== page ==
I now took time to wash up some sweet potatoes. I pierced them with a fork and then wrapped them in foil and baked them at 350 for around 40-60 minutes. Just until they were soft enough for the fork to go through it easily.
While the sweet potatoes were cooking in the oven, I chopped up some veggies. Some of these I’ll use for snacks throughout the week. Others will be “blanched” and frozen for veggie side dishes. And others I kept aside in a bowl for the soup that I planned on making the next day. You only chop once and then have multiple uses! I often cut up an entire stalk of celery and keep it in a container with water in the fridge. We use these as quick snacks and as part of veggie side dish for lunches. Same with carrots. Some of them I chopped into sticks. If you choose Organic carrots, they are often skinnier and work perfect for snack sticks. Some of the carrots I chopped into slices for blanching and for the soup.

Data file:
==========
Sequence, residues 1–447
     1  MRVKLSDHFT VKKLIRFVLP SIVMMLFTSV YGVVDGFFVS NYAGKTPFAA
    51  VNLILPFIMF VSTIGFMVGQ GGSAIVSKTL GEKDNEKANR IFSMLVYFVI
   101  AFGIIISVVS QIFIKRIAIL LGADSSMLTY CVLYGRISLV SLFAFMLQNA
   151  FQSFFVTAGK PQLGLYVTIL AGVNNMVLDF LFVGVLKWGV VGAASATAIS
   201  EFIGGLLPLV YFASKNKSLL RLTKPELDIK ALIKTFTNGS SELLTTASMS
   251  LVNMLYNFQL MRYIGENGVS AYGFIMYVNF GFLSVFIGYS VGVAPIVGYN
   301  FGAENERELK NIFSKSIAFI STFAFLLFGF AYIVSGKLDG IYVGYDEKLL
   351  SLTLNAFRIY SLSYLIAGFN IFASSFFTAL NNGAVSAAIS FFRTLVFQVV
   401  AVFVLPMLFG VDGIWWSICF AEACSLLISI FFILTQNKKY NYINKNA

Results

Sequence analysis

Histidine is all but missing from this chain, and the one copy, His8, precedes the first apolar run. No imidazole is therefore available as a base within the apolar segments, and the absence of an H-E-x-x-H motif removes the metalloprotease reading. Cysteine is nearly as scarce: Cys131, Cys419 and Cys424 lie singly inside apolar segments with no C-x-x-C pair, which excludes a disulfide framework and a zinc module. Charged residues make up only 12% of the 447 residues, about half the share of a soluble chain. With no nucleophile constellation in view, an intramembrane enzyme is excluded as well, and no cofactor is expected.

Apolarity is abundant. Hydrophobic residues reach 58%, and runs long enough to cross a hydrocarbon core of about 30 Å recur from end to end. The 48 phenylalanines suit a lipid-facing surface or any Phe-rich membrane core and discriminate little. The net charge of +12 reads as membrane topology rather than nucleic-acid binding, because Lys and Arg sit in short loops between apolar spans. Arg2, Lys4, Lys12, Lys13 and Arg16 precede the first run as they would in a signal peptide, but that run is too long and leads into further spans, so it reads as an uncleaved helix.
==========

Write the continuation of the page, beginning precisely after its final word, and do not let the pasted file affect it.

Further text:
In this session, I chopped carrots, celery, onions, green peppers, green beans and the tops off snow pea pods. The onions and peppers were cut in slices for a fajita mix. You can also see the bowl of a mix of these that I made for soup.
Once the veggies were cut, I started cutting up some various meats. I cut up a few pounds of boneless/skinless Organic chicken into pieces for chicken nuggets. I also cut up some type of steak-cut for fajita meat. And lastly, I cut up some ground sausage into slices for patties and small pieces for pizza toppings.
Around this time, I bagged up some of my food I had already cooked and I also mashed up the sweet potatoes. I’ll use these as a veggie side dish. You can top them with a little cinnamon–or if you want to go an unhealthier route, you can add some butter and a few marshmallows. I keep ours pretty simple, though.